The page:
Rouse is betting on Las Vegas Purchase: Rouse Co. is spending $520 million to buy the holdings of Howard Hughes Corp., including a residential community, office buildings and a shopping mall in Sin City.

June 09, 1996|By Alec Matthew Klein | Alec Matthew Klein,SUN STAFF

LAS VEGAS -- The images endure: flashing neon, sweltering heat, shotgun betrothals, street hawkers selling smut and midnight romance all colliding in this outpost of Elvis impersonators and eternal hope in a slot machine.

But across the desert landscape, another image is soaring above the rest: construction cranes silhouetted against the Red Rock Mountains.

This is the future of Las Vegas.

And Rouse Co., one of the nation's premier real estate developers, has laid its claim here into the next century, buying a legacy of the past: the last remnants of the Howard Hughes estate.

The billionaire could not have foreseen the economic explosion when he arrived in Las Vegas on the eve of Thanksgiving 1966, slipping unseen into the Desert Inn Hotel.

Columbia-based Rouse, however, is betting on the boom: The $520 million acquisition of vast residential and commercial holdings is aimed at capitalizing on the Las Vegas phenomenon, among the fastest-growing cities in America.

"This," said Chief Executive Officer Anthony W. Deering, "builds on the strengths that we have with risks that we can manage."

Already, Rouse has weaved its own mystique -- pioneering regional malls, inventing the teeming community of Columbia and reviving chic urban redevelopment, from Baltimore's Harborplace to New York's South Street Seaport.

But Las Vegas is something different.

By far the company's largest investment ever, the Howard Hughes Corp. acquisition represents a bold strategic move.

Rouse is departing from its East Coast focus, acknowledging weaknesses in its core business -- retail development -- and venturing into community-building on a grand scale for the first time in nearly 20 years.

Expected to close Thursday, the deal is a monumental corporate decision driven by numbers -- shareholder value, positive cash flow and, analysts estimate, potential record earnings this year, up almost 20 percent to $130 million before taxes, interest and noncash charges.

But it is also an acquisition rooted in the fancies of a reclusive tycoon, a dashing aviator, the creator of the flying boat "Spruce Goose," a man linked romantically with screen icons Carole Lombard, Jean Harlow and Katharine Hepburn.

Everything Howard Hughes touched seemed epic -- even when he was simply looking to lie low in Las Vegas 30 years ago.

"Howard Hughes bought a hotel so that he'd have a place to sleep," recalled his former right-hand man, 78-year-old Robert A. Maheu.

Early morning arrival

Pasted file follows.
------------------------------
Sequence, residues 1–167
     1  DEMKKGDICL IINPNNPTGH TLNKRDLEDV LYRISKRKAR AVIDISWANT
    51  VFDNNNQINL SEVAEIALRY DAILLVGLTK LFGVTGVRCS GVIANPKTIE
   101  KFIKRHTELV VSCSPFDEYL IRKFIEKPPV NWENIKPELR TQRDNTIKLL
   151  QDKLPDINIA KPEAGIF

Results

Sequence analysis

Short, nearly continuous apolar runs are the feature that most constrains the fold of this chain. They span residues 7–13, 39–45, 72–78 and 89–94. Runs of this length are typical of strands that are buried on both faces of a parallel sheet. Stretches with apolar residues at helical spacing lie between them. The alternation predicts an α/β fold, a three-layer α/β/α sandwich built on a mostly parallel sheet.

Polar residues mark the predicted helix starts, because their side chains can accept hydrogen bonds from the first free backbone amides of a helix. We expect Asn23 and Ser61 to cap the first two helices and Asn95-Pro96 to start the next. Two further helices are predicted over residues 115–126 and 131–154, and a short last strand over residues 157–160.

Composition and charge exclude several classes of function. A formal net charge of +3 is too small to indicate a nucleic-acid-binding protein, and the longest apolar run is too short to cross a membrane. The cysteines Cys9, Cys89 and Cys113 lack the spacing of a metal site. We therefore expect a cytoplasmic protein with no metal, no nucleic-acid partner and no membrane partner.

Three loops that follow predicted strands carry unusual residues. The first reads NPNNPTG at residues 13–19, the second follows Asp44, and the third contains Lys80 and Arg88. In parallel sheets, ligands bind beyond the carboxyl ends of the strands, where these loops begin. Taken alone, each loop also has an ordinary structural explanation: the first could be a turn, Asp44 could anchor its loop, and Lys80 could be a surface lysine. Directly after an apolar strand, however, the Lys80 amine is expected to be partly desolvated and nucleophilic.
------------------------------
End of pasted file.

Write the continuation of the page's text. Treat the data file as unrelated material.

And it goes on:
The billionaire arrived by train five miles outside of this desert town in the pre-dawn hours in fall 1966.

Railroad security was arranged. A personal staff of eight stood ready. And as was his wont, Hughes had temporarily reserved the top floor of the Desert Inn -- with the elevator button replaced by a special key.

There was only one glitch.

Once he checked in, Hughes refused to leave, ignoring the hotel's pleas to make room for other guests -- the casino high rollers.

"I had to call upon a friend of mine in Washington to get the help of Jimmy Hoffa to tell the owners of the hotel -- the Teamsters had a major loan on the hotel -- to leave us alone," Maheu said.

But the power play only aggravated the hoteliers, who endured the impetuous tycoon for a few more months before it came to this: They threatened to remove him bodily.

"What do you suggest we do?" Hughes asked.

"Maybe you ought to buy the place," Maheu suggested, half in jest.

"Start negotiating," Hughes replied.

Buying the hotel was a lark, but it turned out to be a tax break for the complex Hughes empire.

Which gave him another idea: "How many of these toys are available?"

By the time he left Las Vegas four years later, in 1970, Hughes had amassed a Nevada kingdom -- the last vestiges of which will instantly make Rouse the largest developer in the Las Vegas real estate market.

All the Strip is not

Where Hughes bought desert wasteland, now rises the crown jewel of Rouse's acquisition.

Named after the billionaire's grandmother, Summerlin is the nation's best-selling planned community, a lush oasis of tile roofs, stucco walls, palm trees, village walks, golf courses and shimmering new homes on 22,500 acres.

Set against the Red Rock Mountains, Summerlin is all that the hyperbolic Strip is not.

It is both a retirement community and the archetypal home for a family with 2.5 children and a station wagon -- but only a 15-minute commute from the spectacle of downtown Las Vegas.

Even Columbia, one of the nation's largest planned communities, does not compare.

The Rouse creation in the Baltimore suburbs has drawn about 80,000 residents since the community opened in 1967, and another 20,000 will settle in before the project is completed in a decade or so.

But Summerlin, which has already built 12,000 homes for 20,000 residents since its inception about six years ago, is expected to surpass Columbia, adding another 140,000 dwellers over the next 20 years.

In the middle of the path

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